Once in a while I hear critics of the Affordable Care Act (ACA) — which some call Obamacare — say it’s bad for kids. I’m always flabbergasted by such talk because it’s blatantly unfair and untrue.
It’s been two years since the ACA passed, and while many of the law’s provisions have yet to kick in, there’s already concrete evidence that it’s been good for kids.
- Insurers must cover preventive services without cost-sharing. No co-pay provides an incentive for parents to get preventive care. The Georgetown University Health Policy Institute’s Center on Health Insurance Studies estimates this affects more than 1 million children in Texas.
- Children must now be covered until they are 26 years old on their parent’s health plan. Even though critics have said this would add huge costs to employers, it hasn’t. Most employers were already covering children while they’re in college, and covering additional young adults — who tend to be healthy — is actually good for risk-pooling. It’s impossible to know how many people gained coverage because of this, but we do know the number of young Americans ages 19-25 lacking health insurance has shrunk by 2.5 million since this provision took effect.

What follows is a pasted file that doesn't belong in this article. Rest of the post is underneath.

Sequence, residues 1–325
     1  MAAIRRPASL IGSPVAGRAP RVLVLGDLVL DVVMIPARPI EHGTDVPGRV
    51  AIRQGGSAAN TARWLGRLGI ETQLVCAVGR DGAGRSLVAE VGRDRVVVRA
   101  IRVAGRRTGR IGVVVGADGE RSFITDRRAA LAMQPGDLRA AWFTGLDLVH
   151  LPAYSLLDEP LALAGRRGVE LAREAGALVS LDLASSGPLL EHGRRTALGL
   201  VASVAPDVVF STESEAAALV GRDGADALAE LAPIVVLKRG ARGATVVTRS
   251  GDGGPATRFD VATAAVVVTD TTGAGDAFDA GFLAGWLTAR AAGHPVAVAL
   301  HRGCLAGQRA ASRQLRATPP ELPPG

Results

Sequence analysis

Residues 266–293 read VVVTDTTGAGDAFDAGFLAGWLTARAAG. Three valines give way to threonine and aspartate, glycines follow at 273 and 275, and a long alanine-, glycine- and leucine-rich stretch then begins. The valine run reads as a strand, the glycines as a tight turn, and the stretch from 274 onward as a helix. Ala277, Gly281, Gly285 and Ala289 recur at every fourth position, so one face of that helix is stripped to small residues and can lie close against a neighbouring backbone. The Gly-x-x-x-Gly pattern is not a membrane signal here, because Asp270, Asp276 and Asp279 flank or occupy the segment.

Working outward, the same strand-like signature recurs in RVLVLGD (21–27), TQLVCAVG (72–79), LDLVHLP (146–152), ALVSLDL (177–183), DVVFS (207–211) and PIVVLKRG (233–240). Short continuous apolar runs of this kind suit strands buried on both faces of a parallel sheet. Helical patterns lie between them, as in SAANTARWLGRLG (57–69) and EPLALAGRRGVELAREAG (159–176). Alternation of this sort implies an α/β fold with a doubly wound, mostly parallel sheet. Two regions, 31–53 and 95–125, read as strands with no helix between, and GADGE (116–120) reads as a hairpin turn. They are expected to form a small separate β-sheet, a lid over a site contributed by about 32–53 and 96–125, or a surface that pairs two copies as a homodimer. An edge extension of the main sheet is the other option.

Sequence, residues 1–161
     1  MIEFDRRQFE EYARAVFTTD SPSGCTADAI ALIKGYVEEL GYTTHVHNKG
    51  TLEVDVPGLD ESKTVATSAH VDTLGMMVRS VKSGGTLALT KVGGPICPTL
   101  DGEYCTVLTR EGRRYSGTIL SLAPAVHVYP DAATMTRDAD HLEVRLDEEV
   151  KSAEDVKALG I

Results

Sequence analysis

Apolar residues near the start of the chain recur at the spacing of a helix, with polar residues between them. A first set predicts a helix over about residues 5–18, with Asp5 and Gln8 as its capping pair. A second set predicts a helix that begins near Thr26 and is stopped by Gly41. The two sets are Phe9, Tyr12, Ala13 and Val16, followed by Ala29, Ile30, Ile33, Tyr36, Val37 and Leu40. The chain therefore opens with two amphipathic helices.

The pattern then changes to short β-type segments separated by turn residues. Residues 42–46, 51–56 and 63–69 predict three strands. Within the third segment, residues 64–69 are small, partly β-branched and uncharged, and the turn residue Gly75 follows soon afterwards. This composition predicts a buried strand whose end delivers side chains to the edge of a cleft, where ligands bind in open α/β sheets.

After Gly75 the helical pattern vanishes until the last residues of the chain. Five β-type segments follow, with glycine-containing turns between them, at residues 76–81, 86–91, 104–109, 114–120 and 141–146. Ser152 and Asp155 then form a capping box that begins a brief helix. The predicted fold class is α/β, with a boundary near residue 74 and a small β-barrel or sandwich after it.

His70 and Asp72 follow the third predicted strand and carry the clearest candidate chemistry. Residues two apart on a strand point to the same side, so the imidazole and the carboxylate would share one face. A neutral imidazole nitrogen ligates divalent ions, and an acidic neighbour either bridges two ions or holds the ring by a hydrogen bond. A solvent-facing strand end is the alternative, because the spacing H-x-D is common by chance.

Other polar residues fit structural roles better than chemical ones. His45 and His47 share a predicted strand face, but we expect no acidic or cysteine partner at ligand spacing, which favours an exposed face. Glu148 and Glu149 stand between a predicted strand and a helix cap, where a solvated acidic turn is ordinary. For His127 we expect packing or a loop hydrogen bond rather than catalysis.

- Children under 19 can’t be denied coverage based on pre-existing conditions. Who wants to see insurers turns down coverage for kids with asthma or diabetes? And yet, this provision, which had the best intentions has had negative consequences. Most insurers stopped selling child-only policies. But there’s an easy fix. Many states have instituted annual enrollment periods — like Medicare has for Part D drug plans — to make this market work for insurers.
- Insurers can no longer put lifetime limits on health benefits for children. This is especially important to children who face life-threatening conditions such as leukemia or hemophilia.
These are just a few of the ways the ACA helps kids. To read even more, download this fact sheet form First Focus, a DC-based bipartisan advocacy organization dedicated to making children and families a priority in federal policy and budget decisions. Click here.
Quote of the Week
“A 1964 government report, One Third of a Nation: A Report on Young Men Found Unqualified for Military Service, found an alarming 50% rejection rate among young men drafted into the military in 1962. Many of them were disqualified for physical and mental conditions that could have been effectively treated in childhood. Those findings helped spur Medicaid’s creation with its comprehensive benefits for children. Nearly 50 years later, Medicaid is a vital safety net, strengthened by the new health reform law to provide a stronger web of support and protection for children and families.” — Marian Wright Edelman, President of the Children’s Defense Fund.